Varieties of the Cruelty-Based Objection to Factory Farming
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Timothy Hsiao defends industrial animal agriculture (hereafter, factory farming) from the “strongest version of the cruelty objection” (J Agric Environ Ethics 30(1):37–54, 2017). The cruelty objection, following Rachels (in: Sapontzis S (ed) Food for thought: the debate over eating meat, Prometheus, Amherst, 2004), is that, because it is wrong to cause pain without a morally good reason, and there is no morally good reason for the pain caused in factory farming (e.g., people do not need to eat meat in order to live healthy, flourishing lives), factory farming is morally indefensible.In this paper, I do not directly engage Hsiao’s argument for the moral permissibility of factory farming, which has been done by others (Puryear et al. in J Agric Environ Ethics 30(2):311–323, 2017). Rather, my aim is to assess whether Hsiao’s criticism of one version of the cruelty-based objection is a criticism of all versions of the cruelty-based objection, or objections to factory farming that appeal to the harm or suffering experienced by farm animals. I argue that there are, at least, four distinct kinds of cruelty-based objections to factory farming, distinguishable by their different moral principles or moral observations, and that Hsiao’s criticism of one kind of cruelty-based objection does not generalize to the others.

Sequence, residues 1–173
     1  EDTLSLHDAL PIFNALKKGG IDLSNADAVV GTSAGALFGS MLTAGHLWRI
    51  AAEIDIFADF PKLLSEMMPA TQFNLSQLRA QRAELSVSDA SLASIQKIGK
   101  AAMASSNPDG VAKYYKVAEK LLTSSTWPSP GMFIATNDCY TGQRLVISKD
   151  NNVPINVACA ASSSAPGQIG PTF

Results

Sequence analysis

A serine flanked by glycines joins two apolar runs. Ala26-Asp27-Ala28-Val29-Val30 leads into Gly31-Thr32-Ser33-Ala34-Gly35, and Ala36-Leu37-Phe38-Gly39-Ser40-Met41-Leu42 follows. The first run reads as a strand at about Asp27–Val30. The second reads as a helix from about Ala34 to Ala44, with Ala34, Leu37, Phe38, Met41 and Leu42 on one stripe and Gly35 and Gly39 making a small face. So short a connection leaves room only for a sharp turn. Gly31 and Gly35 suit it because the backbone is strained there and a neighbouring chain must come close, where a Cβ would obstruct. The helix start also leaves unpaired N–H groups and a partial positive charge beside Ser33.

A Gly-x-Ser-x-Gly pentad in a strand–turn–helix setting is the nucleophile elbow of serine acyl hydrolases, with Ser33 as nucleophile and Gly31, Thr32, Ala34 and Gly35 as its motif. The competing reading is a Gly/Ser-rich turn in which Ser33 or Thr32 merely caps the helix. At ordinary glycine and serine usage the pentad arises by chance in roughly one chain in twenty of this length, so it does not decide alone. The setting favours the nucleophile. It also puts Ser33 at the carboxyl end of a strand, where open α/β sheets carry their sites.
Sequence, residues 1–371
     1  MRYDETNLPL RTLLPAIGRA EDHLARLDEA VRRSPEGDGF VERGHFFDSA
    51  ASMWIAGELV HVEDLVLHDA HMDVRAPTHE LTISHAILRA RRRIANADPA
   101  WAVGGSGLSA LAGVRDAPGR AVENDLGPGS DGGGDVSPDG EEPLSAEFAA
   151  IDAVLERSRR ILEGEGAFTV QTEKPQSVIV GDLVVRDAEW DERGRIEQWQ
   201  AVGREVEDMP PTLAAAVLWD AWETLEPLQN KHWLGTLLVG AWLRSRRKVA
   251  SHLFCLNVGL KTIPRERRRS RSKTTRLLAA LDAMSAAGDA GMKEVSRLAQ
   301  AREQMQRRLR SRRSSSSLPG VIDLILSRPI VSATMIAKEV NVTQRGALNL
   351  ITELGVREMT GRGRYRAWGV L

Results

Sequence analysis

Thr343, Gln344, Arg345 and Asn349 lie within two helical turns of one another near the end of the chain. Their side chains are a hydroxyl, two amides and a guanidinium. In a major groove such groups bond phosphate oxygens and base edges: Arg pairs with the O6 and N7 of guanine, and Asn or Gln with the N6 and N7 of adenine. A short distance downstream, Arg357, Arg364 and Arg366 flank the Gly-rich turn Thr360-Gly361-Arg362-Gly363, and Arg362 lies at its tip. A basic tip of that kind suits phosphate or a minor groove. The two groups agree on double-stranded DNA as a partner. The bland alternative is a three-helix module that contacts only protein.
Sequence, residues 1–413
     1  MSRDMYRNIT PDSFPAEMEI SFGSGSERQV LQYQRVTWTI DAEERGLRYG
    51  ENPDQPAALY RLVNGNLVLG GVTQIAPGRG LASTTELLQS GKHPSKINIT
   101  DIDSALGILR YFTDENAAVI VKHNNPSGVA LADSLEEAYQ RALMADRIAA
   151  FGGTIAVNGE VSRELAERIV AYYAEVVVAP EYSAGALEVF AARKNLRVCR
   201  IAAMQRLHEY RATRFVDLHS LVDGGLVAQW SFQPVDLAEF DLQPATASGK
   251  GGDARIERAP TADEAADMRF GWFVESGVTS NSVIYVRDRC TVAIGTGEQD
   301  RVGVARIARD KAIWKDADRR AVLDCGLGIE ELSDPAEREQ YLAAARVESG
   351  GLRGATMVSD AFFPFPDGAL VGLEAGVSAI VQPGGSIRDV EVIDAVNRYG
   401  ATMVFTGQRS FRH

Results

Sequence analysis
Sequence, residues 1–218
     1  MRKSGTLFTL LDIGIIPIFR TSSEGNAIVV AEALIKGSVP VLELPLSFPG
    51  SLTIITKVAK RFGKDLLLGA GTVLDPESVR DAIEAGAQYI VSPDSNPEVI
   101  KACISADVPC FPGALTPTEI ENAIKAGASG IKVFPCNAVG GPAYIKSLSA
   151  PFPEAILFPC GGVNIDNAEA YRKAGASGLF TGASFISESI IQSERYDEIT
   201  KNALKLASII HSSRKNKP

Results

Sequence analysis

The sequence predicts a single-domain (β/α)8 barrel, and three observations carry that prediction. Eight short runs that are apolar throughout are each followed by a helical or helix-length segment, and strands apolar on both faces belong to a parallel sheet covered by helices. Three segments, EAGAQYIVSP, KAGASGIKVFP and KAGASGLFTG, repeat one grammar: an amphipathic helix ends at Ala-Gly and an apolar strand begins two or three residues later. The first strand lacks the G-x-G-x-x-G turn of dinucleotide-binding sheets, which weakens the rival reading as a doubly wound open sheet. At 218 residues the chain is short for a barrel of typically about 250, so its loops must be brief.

KeywordsFactory farming Industrial farming Vegetarianism Animal cruelty
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